Despite China's transformation into the world's largest car market, its auto industry is still going through adolescence.
Dozens of automakers are struggling for market share, government regulators are sorting out their priorities and many people are buying cars for the first time.
Those are the sort of growing pains that took decades to be resolved in the United States and Europe.
With that in mind, here are Automotive News China's top-five automotive stories in 2011:
1. China's auto market hits the brakes
Light-vehicle sales rose only 5% in the first 11 months of 2011, compared with a 33% jump in the year-earlier period.
The market softened after the central government ended its scrappage program and raised the sales tax on small cars. Sales of microvans -- a price-sensitive segment -- went soft, and Chinese brands such as Chery and BYD struggled to fend off foreign rivals.
The luxury segment outperformed the rest of the industry, but even top-of -the-line brands such as BMW and Mercedes discounted some models.
Most analysts expect a moderate recovery in 2012, with industry sales rising 5% to 10%. But look for signs of panic if sales remain flat in the first quarter.
2. City of Beijing slaps tight limits on car sales
Bedeviled by traffic jams and the worst smog in the world, the municipality of Beijing slapped tight limits on car sales in January 2011.
Each month, only 20,000 new-car buyers were allowed to register their vehicles, a policy that cut sales by 70%.
For the most part, the auto industry shrugged off the draconian limits because they were confined to Beijing. But other traffic-clogged cities could follow suit. The central city of Guiyang imposed a similar measure in July, and two southern cities, Guangzhou and Shenzhen, may limit car purchases.
Earlier this year, Credit Suisse warned that car sales in China could fall as much as 17% if other cities restrict ownership. The prediction may seem extreme given environmentalists lack of clout, but public attitudes are starting to shift as Beijing's smog grows denser.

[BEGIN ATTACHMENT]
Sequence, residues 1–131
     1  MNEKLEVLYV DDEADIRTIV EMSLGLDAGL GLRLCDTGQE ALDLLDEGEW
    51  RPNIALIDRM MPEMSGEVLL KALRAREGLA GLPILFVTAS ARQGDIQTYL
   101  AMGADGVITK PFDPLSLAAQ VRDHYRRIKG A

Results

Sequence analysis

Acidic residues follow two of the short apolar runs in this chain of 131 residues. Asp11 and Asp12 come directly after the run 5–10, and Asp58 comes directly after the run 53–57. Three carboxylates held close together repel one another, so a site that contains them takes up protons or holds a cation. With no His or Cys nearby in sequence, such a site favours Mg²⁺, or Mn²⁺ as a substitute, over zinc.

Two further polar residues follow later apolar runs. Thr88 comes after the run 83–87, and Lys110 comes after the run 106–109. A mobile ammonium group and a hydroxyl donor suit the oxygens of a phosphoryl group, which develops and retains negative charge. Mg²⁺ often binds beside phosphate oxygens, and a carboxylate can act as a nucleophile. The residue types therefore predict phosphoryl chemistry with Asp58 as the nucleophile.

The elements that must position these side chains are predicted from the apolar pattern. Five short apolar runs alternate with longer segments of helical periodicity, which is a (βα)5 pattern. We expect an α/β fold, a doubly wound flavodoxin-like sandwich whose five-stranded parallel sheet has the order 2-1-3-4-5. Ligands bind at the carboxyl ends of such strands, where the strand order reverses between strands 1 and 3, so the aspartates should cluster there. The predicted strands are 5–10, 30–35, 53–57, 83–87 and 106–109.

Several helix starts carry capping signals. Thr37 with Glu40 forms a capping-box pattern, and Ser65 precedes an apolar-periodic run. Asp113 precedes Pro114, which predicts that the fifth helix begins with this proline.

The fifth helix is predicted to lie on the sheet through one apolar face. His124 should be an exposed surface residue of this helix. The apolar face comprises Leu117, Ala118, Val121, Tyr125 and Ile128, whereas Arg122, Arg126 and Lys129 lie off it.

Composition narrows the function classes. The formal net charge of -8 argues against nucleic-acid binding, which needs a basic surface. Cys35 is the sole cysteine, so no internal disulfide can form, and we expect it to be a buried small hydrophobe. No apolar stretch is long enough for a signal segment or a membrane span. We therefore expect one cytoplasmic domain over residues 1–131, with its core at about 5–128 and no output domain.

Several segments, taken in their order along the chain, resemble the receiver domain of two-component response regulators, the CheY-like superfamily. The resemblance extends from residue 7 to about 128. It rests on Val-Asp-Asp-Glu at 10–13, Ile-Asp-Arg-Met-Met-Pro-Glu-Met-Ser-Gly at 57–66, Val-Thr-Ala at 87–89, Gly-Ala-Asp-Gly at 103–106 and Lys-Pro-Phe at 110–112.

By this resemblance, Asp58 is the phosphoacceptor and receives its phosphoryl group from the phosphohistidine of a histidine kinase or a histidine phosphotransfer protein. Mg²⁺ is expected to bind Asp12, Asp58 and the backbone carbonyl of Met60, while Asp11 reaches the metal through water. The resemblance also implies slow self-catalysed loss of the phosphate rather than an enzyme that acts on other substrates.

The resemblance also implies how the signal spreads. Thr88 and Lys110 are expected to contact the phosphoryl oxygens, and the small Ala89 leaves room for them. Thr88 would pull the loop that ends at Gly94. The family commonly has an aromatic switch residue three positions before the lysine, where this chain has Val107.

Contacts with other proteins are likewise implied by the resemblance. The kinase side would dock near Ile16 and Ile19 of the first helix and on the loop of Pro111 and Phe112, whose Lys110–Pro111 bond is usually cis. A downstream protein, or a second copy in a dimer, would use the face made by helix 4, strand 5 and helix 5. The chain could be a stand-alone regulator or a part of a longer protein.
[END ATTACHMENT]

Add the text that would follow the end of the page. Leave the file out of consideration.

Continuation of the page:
3. Two Chinese companies fail to rescue Saab
Two Chinese companies -- a major vehicle distributor and an obscure automaker -- hoped to gain Western technology and a well-known international brand by purchasing Saab Automobile AG.
Last May, car distributor Pang Da Automobile Trade Co. signed an agreement to take a financial stake in Saab and sell its cars in China. The following month, automaker Zhejiang Youngman Lotus Automobile joined the proposed partnership.
In theory, Saab's technology and brand equity would have given Youngman instant credibility. But the deal fell apart when General Motors, Saab's former owner, blocked it.
Saab may well be the last major international brand up for grabs for a Chinese automaker. Western automakers, finally recovering from the recession, no longer appear willing to sell struggling brands.
4. Beijing pushes foreign automakers to share technology for electric vehicles
In 2011, one of China's most influential government edicts was, strictly speaking, nothing more than an informal "suggestion."
If foreign automakers sought government approval to expand production in China, they would have to share key EV technology with their Chinese partners.
International automakers were initially reluctant to share key technologies such as batteries, electric motors and powertrain electronics. They then caved.
Nissan Motor Co., Daimler , Volkswagen , Honda Motor Co., General Motors, PSA Peugeot-Citroen, Toyota Motor Corp.and Hyundai Motor Co. all announced joint ventures to produce electric cars or plug-in hybrids.
To help things along, the central government offered generous sales incentives to EV buyers. In five Chinese cities, EV purchasers qualify for a government sales incentive of up to $7,300; plug-in buyers can receive up to $6,100.
The government aims to have 1 million electric cars and plug-ins on the road by 2015, according to the Ministry of Science. Despite Beijing's pressure tactics, that goal looks like a long shot.
5. Foreign automakers introduce entry-level brands
There was a time when foreign automakers didn't even try to compete in China's entry-level market, a segment dominated by domestic brands. Those days are over.
This year, international automakers rolled out new brands aimed at price-sensitive consumers in China's second- and third-tier cities. For example, General Motors introduced its Baojun sedan, Honda rolled out Everus and Nissan unveiled Venucia. All three brands feature models priced under $10,000.
Domestic Chinese automakers, which once prospered by selling obsolescent cars at low prices, are starting to feel the heat. Companies like Geely, BYD and Chery must upgrade their technology and product quality. Their progress -- or lack of it -- will be one of the top stories of 2012.
Automotive News China